You guys that drop your ignition key or a band washer or a screw down into your transmission think you got it so bad? Today, I topped 'em all. I dropped an entire feeler gauge set down the back of the pan and into the bottom of the sump, under the fly wheel. I win! I'm the biggest Moro...
Okay, enough of that. I see no reason to beat myself up! Well, yeah, I do but... I got it out! Hip hip...
Whew, after all this job has put me through to chase down this darn engine knock, I really didn't want to pull the motor to retrieve that doggone thing. But I got it out. I ruined my "telescoping" magnet by bending it in a 90 degree angle, but I got the feeler gauge out of the motor.
Would it be inappropriate or insensitive to ask what the heck you were doing in there with a feeler gauge to start with?
That aint so bad Mike...I dropped my cell phone in the sewage pit at work when I was servicing the pump! I had nothing but sh*tty calls ever since
No Henry, it's more than appropriate to ask. In fact I think it's reasonable for everyone to want an explanation of how someone with my limited intelligence could drop a feeler gauge into the back of a 1924 Model T Ford engine. As a matter of fact, you need to get the answer you deserve.
That's what I thought. It jumped off the shelf from 10 feet away and ended up in the engine. Perfectly understandable.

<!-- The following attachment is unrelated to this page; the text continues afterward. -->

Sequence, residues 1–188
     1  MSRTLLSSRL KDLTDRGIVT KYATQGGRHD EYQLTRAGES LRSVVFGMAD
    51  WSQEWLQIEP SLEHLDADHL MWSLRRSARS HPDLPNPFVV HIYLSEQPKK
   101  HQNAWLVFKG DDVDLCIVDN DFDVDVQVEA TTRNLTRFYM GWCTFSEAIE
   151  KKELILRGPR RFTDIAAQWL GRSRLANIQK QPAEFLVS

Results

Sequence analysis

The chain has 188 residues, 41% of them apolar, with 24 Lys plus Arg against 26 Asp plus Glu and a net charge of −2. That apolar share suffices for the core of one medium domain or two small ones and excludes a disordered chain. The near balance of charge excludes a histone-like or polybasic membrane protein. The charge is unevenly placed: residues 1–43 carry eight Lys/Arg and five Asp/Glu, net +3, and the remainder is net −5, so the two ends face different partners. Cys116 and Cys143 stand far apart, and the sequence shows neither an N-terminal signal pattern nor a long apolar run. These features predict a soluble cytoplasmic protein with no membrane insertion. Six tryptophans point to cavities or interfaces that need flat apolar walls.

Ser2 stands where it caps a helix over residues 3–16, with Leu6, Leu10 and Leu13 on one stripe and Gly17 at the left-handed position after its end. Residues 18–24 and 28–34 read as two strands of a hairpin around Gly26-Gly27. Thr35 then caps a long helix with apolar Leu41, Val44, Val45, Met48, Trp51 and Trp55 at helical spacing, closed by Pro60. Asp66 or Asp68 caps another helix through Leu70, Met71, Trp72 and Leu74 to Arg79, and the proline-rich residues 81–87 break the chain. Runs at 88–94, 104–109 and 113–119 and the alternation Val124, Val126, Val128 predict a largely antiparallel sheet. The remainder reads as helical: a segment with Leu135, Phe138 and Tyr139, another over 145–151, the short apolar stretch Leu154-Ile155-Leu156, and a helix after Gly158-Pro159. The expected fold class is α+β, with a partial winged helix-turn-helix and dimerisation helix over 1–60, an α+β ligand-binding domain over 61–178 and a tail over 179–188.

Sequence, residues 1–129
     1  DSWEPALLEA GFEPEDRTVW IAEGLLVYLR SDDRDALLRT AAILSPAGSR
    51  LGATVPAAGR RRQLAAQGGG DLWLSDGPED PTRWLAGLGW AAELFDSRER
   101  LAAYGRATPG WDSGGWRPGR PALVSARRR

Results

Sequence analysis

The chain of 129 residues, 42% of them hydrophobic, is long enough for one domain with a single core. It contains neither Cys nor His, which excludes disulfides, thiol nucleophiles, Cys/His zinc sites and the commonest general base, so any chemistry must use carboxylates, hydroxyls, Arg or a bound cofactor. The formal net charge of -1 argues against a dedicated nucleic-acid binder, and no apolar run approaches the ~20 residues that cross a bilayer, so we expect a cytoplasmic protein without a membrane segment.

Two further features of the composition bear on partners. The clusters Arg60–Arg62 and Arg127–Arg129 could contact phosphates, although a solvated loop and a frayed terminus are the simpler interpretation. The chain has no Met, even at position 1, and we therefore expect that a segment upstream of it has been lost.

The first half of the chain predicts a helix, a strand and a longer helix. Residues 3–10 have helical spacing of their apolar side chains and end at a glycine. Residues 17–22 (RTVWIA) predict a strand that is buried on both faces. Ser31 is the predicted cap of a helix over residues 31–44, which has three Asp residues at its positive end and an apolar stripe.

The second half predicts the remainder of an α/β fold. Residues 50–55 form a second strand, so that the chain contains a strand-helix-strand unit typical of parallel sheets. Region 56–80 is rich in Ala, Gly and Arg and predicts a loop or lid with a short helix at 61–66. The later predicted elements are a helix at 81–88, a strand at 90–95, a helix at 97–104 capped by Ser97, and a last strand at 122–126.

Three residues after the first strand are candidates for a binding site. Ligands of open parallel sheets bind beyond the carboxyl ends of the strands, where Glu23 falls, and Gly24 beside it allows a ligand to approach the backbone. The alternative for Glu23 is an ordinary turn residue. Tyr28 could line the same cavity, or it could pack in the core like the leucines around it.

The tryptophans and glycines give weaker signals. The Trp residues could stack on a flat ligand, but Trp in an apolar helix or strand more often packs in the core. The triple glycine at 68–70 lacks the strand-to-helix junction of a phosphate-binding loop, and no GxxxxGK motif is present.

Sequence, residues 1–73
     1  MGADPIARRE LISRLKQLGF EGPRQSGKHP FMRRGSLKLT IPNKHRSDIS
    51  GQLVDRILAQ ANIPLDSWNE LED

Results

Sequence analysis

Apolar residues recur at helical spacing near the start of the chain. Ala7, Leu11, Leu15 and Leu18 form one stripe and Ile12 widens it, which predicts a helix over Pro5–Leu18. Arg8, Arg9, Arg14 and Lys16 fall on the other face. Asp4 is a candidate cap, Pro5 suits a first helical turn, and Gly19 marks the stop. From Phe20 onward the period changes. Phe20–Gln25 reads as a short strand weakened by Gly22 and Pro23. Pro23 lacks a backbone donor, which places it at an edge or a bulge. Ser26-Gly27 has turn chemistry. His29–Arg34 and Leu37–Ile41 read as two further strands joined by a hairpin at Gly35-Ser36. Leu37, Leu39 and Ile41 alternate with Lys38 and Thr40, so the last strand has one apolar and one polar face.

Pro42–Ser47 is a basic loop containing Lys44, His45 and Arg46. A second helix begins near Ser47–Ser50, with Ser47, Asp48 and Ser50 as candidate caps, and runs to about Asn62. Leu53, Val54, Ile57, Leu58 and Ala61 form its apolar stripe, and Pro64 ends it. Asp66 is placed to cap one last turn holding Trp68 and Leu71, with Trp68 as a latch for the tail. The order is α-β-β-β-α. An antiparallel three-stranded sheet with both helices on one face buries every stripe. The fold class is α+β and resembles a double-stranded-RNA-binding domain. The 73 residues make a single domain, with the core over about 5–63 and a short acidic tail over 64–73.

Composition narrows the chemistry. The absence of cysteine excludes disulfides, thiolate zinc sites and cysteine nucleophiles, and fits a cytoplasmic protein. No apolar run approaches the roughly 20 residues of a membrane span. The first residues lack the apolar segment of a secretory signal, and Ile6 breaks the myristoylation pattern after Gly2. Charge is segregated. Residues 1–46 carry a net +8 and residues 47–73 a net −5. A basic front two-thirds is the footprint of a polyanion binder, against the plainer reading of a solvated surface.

Dennis, maybe you need to explain what you were doing talking to that sewage pump with that cell phone. And just the thought of you "servicing" a sewage pump causes me to wonder just what kind of perverted people we've got on this forum!
Yup Henry, that's exactly what happened. At any rate, that's the story I'm going with.
Oops, sorry Dennis, I forgot the at the end of my post.
The guys that really have it rough are the ones who drop stuff and don't find out until noise starts. Or leave rags in an engine and need to tear motor down to get the shreds out. Oh crap, I think I may have just jinxed myself
My dad told me a story of a neighbour who dropped a pair of pliers into the transmission of their T while doing a band adjustment. This was back in the '40's. Anyway they gave up trying to retrieve it and went for a drive. They got about 1/2 a mile when everything came to a sliding halt. They walked to my dad's place and got him to hook his tractor to the back of the car. Miraculously after a bit of sliding rear wheels it unlocked. My dad then towed them to their home. The car was never used again.
My dad had a '25 Chev.
Okay Les, your Dad's neighbor wins.
I was very cAreful when I adjusted my bands and still stressed hearing of all the people on here mentioning the possibility of dropping tools. Tim
Mike, if you could post one of those smiley faces with them holding their nose it would fit my comment. The story with the phone is I just finished calling a supply house inquiring about parts for the pump and I put the phone in my shirt pocket (something I very rarely do) then I leaned over the pit to close the lid and my phone fell out of my pocket into the pit. I've dropped my phone in swimming pools, telephone trenches, toilets, oil drums etc. I guess it's just the hazard of my job.
By the way when the pumping company came a week later to pump the sewage pit so I could repair the pump he sucked up my phone in his hose and then he handed it to me and ask if I wanted to keep it.
Dennis, totally understandable. We seem to find cell phones are a great convenience and still we go through them on a pretty regular basis. I always remember I left mine in the pocket of my pants just about the time the final spin cycle is ending.